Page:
The International Office also provides information and advice for international and EU students on financing your degree, living costs, external sources of funding and working during your studies.

Find out more on our scholarships, fees and finance webpages for international applicants.

 
 

Careers

Our postgraduate students move into an extraordinarily wide range of careers. Many graduates either go into the legal profession or return to their previous legal careers with their experience and prospects enhanced by their experiences on the course. A large number also work with NGOs, or return to their countries with the relevant skills to help add to the future development of that country.

A selection of graduates progress onto our PhD programme each year, in order to progress their academic career. These students often choose to stay at The University of Nottingham beyond their doctorate, with a number of our current academics having completed both the LLM or Masters and PhD programmes with us before becoming members of staff.

Average starting salary and career progression

In 2015, 93% of postgraduates in the School of Law who were available for employment had secured work or further study within six months of graduation. The average starting salary was £27,031 with the highest being £40,800.*

* Known destinations of full-time home higher degree postgraduates 2014/15. Salaries are calculated based on those in full-time paid employment within the UK.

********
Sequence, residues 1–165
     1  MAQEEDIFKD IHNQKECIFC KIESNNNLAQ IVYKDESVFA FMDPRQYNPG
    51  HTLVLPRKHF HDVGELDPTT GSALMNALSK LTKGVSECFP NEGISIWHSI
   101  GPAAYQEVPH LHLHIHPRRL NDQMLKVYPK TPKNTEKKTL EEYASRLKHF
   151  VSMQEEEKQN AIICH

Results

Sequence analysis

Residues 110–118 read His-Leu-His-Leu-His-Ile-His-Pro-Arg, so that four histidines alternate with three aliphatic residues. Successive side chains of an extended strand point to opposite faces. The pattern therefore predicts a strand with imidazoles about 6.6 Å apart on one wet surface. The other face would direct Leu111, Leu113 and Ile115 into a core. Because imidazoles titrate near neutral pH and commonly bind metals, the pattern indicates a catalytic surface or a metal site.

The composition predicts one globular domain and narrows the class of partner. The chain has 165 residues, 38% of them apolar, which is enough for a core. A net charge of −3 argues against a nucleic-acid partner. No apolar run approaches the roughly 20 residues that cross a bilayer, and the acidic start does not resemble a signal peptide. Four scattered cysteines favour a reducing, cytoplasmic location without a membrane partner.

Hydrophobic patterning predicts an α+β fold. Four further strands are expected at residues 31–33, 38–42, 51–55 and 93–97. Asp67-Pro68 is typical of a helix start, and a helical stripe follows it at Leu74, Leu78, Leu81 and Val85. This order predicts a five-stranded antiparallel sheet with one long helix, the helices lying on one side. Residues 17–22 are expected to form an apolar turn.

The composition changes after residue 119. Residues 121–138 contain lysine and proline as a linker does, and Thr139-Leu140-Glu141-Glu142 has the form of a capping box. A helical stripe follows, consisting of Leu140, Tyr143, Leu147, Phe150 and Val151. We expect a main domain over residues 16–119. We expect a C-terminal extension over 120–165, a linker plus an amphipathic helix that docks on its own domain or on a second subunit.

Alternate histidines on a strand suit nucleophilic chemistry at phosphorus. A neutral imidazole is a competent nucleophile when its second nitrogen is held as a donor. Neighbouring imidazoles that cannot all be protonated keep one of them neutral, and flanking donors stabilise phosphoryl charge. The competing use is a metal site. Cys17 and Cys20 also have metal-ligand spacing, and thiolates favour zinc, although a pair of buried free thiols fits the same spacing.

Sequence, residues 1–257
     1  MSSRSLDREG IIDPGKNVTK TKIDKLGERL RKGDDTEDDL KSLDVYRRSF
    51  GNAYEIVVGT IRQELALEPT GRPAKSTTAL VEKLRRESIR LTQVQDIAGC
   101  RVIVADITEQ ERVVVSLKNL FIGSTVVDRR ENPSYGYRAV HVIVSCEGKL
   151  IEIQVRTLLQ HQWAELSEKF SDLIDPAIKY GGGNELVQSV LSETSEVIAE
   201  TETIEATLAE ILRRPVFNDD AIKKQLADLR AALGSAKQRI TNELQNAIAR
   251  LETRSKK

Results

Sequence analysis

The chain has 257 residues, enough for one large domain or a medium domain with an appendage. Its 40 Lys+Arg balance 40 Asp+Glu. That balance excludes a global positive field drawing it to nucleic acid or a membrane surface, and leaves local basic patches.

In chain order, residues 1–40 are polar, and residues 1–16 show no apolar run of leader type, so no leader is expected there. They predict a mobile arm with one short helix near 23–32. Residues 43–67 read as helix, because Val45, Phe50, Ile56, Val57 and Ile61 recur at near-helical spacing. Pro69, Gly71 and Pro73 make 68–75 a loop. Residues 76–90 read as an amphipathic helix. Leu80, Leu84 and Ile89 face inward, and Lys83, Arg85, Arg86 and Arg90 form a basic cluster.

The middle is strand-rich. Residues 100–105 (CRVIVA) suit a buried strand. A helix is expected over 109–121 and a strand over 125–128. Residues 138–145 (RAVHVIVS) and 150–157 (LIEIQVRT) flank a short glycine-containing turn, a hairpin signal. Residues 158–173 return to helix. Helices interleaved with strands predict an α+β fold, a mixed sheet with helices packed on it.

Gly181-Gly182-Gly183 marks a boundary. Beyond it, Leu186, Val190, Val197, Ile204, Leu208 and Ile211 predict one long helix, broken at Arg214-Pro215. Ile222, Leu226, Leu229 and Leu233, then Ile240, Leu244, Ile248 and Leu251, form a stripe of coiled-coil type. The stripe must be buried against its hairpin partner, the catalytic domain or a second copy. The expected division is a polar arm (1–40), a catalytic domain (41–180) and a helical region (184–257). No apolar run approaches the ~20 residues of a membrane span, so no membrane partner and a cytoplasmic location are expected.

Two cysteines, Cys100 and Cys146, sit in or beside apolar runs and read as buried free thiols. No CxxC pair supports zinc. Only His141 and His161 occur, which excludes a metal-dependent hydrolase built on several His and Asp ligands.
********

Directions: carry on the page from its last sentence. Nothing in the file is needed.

Career prospects and employability

The acquisition of a masters degree demonstrates a high level of knowledge in a specific field. Whether you are using it to enhance your employability, as preparation for further academic research or as a means of vocational training, you may benefit from careers advice as to how you can use your new found skills to their full potential.

Our Careers and Employability Service will help you do this, working with you to explore your options and inviting you to attend recruitment events where you can meet potential employers, as well as suggesting further development opportunities, such as relevant work experience placements and skills workshops.

 
 
 
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Contact